Apart from the Shia mainstream, other Shia sects existed in the city and one can also assume the presence of Sunnies. Ḏemmis, or followers of other revealed religions (Jews, Christians, and Zoroastrians) must have lived in the city, too, as the payment of poll tax (jezya) indicates, although their number can only be very roughly estimated at a few thousand at the end of the 9th century and must have shrunk drastically in the 10th century. The majority of these non-Muslims were Zoroastrians, who made their living mostly as farmers. Jews must have lived in Qom as well, but information on them is scant. It is striking that the formerly dominant Ashaaries had lost their leading positions by the end of the 10th century. This points at a new social situation that allowed assimilated Persians to join the local establishment.
The city's topography in the 10th century still reflected the evolutionary merging of the original six villages; these were still separated by fields. The town center was located in the village of Mamajjān, which was connected to other parts of the city on the other side of the river by four bridges. There were about eight squares whose function is not clear and three mosques within the city. There is almost no information about madrasas. The sanctuary must have still been quite small as only two cupolas are mentioned. A bazaar and bathhouses must have existed, too, as well as certain administrative buildings (prison, mint). Five bigger and eight smaller roads indicate good traffic connections, which were supported by at least three or maybe even nine city gates.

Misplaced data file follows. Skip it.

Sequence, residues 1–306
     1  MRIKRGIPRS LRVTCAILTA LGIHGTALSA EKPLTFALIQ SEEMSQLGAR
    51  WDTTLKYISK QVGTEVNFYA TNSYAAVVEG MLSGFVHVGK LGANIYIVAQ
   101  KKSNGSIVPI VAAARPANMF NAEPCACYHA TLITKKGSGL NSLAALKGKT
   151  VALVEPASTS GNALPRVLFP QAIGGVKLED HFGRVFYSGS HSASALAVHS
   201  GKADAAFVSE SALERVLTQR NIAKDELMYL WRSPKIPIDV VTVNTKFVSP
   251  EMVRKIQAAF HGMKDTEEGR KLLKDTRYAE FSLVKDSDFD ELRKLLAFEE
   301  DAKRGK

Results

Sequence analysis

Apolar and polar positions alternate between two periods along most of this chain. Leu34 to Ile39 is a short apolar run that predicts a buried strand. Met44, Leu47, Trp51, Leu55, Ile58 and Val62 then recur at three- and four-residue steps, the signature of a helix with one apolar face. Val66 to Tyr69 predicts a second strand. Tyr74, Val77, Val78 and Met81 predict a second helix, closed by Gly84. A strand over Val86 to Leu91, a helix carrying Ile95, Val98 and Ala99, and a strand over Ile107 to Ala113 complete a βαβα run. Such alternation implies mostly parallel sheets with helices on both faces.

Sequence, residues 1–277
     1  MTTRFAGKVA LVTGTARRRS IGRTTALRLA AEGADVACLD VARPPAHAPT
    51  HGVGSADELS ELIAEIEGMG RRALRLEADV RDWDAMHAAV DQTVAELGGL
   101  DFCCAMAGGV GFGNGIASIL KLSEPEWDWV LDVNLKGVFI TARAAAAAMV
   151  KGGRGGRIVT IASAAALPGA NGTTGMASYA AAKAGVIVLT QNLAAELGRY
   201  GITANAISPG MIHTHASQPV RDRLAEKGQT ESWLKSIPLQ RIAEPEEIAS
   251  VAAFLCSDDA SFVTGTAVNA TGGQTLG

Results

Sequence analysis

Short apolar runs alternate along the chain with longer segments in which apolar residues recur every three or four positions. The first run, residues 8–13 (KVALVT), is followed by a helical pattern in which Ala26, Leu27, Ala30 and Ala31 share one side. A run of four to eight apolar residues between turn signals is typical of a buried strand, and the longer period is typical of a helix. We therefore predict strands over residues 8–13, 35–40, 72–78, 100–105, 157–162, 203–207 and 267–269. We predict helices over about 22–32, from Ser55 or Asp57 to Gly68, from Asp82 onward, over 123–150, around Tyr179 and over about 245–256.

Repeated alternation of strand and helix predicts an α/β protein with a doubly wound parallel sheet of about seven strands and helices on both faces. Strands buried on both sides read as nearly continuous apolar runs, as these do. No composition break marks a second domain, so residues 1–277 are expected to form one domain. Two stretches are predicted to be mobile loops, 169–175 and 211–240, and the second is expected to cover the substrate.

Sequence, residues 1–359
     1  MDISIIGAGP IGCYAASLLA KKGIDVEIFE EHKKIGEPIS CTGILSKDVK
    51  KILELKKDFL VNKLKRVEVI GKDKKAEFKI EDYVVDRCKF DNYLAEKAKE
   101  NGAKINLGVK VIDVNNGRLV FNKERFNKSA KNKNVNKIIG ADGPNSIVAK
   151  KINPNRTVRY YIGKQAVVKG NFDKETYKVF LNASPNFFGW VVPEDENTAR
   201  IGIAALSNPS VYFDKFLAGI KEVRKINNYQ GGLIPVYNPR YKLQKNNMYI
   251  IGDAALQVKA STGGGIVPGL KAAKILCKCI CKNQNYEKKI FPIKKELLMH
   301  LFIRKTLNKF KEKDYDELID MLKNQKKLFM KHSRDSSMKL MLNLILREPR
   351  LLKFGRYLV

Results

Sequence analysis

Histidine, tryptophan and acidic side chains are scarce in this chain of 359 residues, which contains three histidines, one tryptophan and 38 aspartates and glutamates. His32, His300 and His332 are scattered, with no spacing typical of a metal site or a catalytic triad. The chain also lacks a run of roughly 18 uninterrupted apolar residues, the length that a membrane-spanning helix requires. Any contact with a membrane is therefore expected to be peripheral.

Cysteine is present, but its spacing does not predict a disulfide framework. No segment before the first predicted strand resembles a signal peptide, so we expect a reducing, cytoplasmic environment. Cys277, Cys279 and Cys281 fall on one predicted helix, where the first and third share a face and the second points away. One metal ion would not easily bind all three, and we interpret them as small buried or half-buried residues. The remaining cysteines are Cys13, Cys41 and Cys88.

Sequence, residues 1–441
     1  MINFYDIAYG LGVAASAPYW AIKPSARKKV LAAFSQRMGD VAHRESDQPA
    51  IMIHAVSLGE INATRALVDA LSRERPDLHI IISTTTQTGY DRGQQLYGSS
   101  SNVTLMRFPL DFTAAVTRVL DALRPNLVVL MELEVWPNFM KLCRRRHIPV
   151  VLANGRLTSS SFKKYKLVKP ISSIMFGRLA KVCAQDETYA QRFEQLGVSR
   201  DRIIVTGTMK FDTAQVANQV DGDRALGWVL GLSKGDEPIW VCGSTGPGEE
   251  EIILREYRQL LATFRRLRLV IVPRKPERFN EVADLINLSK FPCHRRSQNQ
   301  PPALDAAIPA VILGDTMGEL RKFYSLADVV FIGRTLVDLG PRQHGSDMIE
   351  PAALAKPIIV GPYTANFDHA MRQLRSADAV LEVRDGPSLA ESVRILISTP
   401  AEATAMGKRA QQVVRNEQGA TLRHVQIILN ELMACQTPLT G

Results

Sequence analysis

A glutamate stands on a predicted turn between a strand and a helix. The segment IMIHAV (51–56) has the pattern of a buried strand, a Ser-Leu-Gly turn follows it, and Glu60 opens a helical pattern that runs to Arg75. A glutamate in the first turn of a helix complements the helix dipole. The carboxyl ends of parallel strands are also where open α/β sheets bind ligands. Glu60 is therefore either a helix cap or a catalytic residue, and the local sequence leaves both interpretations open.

Qom was then in a difficult economical and social position. Many houses inside the city as well as bridges and mills were ruined and the roads and agriculture were suffering from an insecure situation. This has to be attributed to difficult social circumstances and excessive taxation.The water supply seems to have been satisfactory and the Ashaaries seem to have undertaken continuous renovation works on the irrigation channels between 733 and 900. The Ašʿaris were also the proprietors of the water rights, which were safeguarded in the water authority (divān-e āb) that regulated the water shares. The system made the Ašʿaris the wealthiest inhabitants of Qom and stayed in place until 347/958–59, when they were expropriated by the Buyids, which consequently brought about a decline in the whole system of irrigation. Although there were attempts at restoration in 371/981–82, only three of originally twenty-one channels had flowing water which meant enough drinking water was supplied for the population, but the available amount could not have been adequate for agricultural purposes.